Jinx uses large, zoomable images to show off its products.

Jinx uses large, zoomable images to show off its products.

Don’t let your ecommerce business fail for lack of photography, include big beautiful images for every product detail page.

Poor Product Descriptions

While a picture is worth a thousand words, some products do require detailed product descriptions, too. Items that are common — say a T-shirt — will probably be fine with just a couple of bullet points about the material or printing technique, but it never hurts to say a little about how great the product is. More complicated or less common products absolutely deserve a well-written explanation.

Columbia Sportswear Company uses two paragraphs (73 words) plus five bullet points to describe a fleece hat.

Columbia Sportswear Company is willing to invest in product descriptions.

Columbia Sportswear Company is willing to invest in product descriptions.

Another example of a well-done product description comes from Husqvarna, an outdoor equipment maker. Husqvarna provides a prose description for each of its products, plus a detailed specification with more than 20 specific entries.

Husqvarna goes out of its way to provide detailed product descriptions.

Husqvarna goes out of its way to provide detailed product descriptions.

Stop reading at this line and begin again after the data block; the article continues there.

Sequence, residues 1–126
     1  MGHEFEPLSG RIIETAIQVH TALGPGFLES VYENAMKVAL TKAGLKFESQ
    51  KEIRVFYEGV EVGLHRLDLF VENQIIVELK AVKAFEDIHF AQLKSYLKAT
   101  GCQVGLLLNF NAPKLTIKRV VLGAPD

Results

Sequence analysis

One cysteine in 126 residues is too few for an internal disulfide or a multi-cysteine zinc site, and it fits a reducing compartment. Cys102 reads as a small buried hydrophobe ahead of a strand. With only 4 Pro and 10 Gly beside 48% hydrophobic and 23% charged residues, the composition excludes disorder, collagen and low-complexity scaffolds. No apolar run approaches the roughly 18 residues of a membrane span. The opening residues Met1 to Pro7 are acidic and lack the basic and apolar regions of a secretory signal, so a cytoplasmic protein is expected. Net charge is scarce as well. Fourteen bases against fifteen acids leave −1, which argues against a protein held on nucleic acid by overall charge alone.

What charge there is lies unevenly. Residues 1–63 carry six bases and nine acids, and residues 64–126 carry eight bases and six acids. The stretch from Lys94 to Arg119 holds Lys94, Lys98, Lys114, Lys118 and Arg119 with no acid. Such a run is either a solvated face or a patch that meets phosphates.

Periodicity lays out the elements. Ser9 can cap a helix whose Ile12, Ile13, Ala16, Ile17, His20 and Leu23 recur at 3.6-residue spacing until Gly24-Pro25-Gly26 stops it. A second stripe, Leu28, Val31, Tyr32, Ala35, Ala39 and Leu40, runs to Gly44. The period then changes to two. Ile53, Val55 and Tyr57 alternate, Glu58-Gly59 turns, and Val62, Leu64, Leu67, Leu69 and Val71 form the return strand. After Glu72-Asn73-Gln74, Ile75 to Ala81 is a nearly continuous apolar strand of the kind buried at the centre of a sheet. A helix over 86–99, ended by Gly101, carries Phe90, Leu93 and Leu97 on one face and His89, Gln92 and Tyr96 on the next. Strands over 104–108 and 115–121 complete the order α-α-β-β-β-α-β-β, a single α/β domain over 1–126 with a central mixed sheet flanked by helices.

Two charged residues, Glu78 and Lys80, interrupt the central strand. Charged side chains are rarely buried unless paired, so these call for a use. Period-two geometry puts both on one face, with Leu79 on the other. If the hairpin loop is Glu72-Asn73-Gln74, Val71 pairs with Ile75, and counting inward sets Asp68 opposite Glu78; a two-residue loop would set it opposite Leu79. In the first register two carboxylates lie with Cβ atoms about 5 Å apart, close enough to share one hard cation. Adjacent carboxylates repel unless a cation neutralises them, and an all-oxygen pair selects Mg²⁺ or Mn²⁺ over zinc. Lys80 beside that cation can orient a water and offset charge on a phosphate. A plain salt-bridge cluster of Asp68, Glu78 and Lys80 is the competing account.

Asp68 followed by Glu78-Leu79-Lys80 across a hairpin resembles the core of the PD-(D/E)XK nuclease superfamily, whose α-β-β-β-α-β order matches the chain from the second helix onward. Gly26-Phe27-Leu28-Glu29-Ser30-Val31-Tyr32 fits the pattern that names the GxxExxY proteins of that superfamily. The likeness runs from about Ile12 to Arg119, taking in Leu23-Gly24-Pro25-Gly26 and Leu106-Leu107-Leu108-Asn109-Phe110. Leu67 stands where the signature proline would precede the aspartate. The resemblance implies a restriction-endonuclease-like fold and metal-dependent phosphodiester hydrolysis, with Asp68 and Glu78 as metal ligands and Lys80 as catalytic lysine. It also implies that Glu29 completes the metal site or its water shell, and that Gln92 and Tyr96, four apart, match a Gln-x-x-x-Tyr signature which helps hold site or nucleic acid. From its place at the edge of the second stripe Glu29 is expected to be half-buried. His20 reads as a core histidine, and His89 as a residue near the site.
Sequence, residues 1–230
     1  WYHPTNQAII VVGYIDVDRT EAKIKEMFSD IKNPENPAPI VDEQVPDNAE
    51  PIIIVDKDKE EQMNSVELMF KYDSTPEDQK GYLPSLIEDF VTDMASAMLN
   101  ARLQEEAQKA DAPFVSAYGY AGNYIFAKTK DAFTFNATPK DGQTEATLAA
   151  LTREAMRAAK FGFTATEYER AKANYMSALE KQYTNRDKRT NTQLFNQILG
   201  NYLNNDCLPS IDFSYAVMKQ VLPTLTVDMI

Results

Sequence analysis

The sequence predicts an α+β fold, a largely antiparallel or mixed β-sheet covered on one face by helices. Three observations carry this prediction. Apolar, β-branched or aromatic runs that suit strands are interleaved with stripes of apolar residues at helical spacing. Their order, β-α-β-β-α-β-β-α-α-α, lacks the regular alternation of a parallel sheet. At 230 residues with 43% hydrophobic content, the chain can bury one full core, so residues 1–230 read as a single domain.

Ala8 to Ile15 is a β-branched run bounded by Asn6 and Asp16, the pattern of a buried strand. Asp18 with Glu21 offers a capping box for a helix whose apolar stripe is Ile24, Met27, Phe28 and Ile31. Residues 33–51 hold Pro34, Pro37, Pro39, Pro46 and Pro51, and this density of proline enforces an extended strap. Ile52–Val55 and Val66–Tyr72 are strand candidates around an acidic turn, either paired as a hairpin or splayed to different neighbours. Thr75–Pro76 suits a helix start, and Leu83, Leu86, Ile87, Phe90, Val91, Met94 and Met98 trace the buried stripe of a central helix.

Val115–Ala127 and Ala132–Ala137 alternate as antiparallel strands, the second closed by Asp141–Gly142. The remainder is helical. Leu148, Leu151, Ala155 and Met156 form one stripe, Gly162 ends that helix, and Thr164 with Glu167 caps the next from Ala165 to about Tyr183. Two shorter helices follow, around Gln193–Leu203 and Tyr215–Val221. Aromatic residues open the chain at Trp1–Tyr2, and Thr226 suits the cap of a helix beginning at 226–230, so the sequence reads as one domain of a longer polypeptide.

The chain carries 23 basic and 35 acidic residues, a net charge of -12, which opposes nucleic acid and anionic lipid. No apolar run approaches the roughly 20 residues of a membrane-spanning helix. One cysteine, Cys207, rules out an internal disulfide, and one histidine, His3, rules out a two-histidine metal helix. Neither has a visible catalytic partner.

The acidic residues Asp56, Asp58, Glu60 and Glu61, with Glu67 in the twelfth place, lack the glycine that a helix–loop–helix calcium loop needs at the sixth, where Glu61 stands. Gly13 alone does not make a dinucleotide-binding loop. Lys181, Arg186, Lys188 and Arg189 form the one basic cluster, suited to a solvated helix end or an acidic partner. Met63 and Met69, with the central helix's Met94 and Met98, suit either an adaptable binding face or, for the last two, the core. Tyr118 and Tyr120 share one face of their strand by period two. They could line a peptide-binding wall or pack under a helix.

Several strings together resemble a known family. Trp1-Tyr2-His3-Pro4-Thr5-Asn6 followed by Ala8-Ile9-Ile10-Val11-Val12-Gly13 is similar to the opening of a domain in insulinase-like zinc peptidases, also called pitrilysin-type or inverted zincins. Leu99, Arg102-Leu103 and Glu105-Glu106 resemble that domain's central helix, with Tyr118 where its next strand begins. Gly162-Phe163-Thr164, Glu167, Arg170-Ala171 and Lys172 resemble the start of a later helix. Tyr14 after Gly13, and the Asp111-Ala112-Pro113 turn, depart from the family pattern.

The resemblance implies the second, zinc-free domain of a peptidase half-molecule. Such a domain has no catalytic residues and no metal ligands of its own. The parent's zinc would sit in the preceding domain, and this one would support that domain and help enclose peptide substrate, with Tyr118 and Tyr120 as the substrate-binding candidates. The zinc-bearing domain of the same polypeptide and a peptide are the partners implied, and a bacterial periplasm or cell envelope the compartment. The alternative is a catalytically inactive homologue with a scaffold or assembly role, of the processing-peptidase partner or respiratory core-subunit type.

Don’t let your ecommerce business make the mistake of not telling customers about the product. Always provide a well-written and sufficiently detailed product description.

Not Including Product Reviews

Many researchers and experts believe that customer-generated product reviews are among the best form of product promotion. So no wise ecommerce business should miss the opportunity to let customers promote products or services via reviews.

Newegg devotes a tab to customer generated product reviews on nearly every product detail page. In many cases, Newegg gets fifty or more reviews for each product.

Newegg does a good job of promoting customer created product reviews.

Newegg does a good job of promoting customer created product reviews.

Don’t let your ecommerce business miss out on the power of product reviews. Include product reviews for every product. Customers trust them, and you should trust customers to write them.

Not Having a Blog

Your store’s blog should be the central hub for all of your marketing. If you are posting videos on YouTube, blog about them. If you have a contest running on Facebook, blog about it. It you post product updates on Twitter, link them back to the blog. If you bring in new products, blog about it. If you are thinking of bringing in new products, preview them on your blog.

LemonStand uses its blog to describe new product features, praise its customers, and get feedback from customers.

LemonStand's blog serves as the center of the company's marketing and customer interaction.

LemonStand’s blog serves as the center of the company’s marketing and customer interaction.

REI’s blog provides product previews, human-interest stories, and first-person descriptions of outdoors adventure.

REI engages customers with excellent blog content.

REI engages customers with excellent blog content.

Summing Up

There is no surefire recipe for ecommerce success, but I believe avoiding the mistakes described here will help.

Armando Roggio

Armando Roggio